SUMMARY OF THE PARTIES SUBMISSIONS The Respondents Memorial on Jurisdiction On 15 January, 2010, the Bolivarian Republic of Venezuela (the Respondent or

Venezuela) submitted a Memorial containing its objections to jurisdiction (the Memorial). 18. The Memorial first explains that the Request for Arbitration was presented by two

companies, Cemex Caracas and Cemex Caracas II, which complain of the nationalization of a Venezuelan company, Cemex Venezuela (CemVen) in which they held an indirect ownership interest. 19. Venezuela proceeds to provide the Tribunal with some information on the structure of the

companies involved in the case. It submits that a Mexican company, Cemex, S.A.B. de C.V. (Cemex) owns 100% of Cemex Espaa S.A., which owns 100% of one of the Claimants, a Dutch company called Cemex Caracas. In turn, Cemex Caracas owns 100% of the other Claimant, another Dutch Company called Cemex Caracas II. Cemex Caracas II owns 100% of Vencement Investments (Vencement) a company incorporated in the Cayman Islands. Finally, as of 2002, Vencement owns 75.7% of Cemex Venezuela (CemVen), the cement company that was operating in the territory of the Respondent. 20. The Respondent then notes that the Claimants invoke the jurisdiction of the Tribunal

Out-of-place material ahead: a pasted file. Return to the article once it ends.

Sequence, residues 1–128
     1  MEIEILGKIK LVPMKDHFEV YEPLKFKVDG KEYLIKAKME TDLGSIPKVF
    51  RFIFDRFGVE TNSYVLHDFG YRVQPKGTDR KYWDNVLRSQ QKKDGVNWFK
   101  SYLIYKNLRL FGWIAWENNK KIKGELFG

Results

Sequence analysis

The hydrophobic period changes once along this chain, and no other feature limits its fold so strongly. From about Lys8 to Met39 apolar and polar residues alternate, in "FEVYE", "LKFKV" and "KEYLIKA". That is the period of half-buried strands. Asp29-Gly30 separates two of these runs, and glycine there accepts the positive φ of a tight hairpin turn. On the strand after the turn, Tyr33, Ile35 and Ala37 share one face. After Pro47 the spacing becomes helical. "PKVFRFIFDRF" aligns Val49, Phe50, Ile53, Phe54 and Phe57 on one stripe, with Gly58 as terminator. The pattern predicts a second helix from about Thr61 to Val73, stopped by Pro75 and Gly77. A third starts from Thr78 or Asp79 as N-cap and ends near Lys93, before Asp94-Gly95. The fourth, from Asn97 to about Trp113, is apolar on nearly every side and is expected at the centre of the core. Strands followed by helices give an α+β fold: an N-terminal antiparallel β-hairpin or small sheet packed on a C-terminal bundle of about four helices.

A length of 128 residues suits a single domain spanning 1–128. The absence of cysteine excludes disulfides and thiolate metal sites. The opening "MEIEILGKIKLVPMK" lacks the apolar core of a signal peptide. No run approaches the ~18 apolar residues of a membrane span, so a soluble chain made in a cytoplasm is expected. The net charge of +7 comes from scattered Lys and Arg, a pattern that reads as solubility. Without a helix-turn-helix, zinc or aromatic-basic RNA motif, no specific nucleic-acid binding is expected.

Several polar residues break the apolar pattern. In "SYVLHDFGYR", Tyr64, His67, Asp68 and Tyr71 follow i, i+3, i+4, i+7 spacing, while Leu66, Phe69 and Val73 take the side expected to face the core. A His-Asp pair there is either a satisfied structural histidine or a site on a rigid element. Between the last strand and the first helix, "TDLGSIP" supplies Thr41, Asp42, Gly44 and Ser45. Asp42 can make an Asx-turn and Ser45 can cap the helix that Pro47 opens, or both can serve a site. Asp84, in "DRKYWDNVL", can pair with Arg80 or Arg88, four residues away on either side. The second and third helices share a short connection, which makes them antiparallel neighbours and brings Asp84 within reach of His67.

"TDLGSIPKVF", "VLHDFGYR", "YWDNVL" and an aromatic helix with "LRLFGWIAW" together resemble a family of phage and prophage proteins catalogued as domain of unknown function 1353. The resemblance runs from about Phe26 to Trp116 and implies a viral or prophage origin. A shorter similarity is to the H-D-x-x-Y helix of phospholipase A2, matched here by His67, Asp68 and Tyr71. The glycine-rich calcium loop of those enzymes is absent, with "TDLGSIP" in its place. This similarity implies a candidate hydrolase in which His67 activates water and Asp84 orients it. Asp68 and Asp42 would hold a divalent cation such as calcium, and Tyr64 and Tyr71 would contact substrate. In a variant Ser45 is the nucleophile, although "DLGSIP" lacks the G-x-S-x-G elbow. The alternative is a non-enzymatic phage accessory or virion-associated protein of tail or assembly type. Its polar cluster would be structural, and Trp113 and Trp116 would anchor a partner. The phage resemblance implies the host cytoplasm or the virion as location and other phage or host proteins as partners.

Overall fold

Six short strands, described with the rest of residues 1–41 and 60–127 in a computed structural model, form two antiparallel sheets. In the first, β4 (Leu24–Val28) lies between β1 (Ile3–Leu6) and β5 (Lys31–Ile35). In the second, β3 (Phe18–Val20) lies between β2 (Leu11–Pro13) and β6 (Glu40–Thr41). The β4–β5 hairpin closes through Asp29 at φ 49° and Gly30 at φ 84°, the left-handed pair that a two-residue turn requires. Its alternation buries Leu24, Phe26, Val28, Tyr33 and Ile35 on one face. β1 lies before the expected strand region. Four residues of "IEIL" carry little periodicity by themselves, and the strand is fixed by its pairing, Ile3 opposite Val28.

under the Agreement on Encouragement and Reciprocal Protection of Investments Between the Kingdom of the Netherlands and the Republic of Venezuela concluded on 22 October, 1991 (the BIT, the Dutch Treaty or the Treaty). In addition, Claimant Cemex Caracas has reserved its right to rely on Venezuelas Law on the Promotion and Protection of Investments (the Investment Law) as an additional basis for jurisdiction.1 The Respondent contests those two alleged bases of jurisdiction. 1. 21. Jurisdiction Under the Dutch Treaty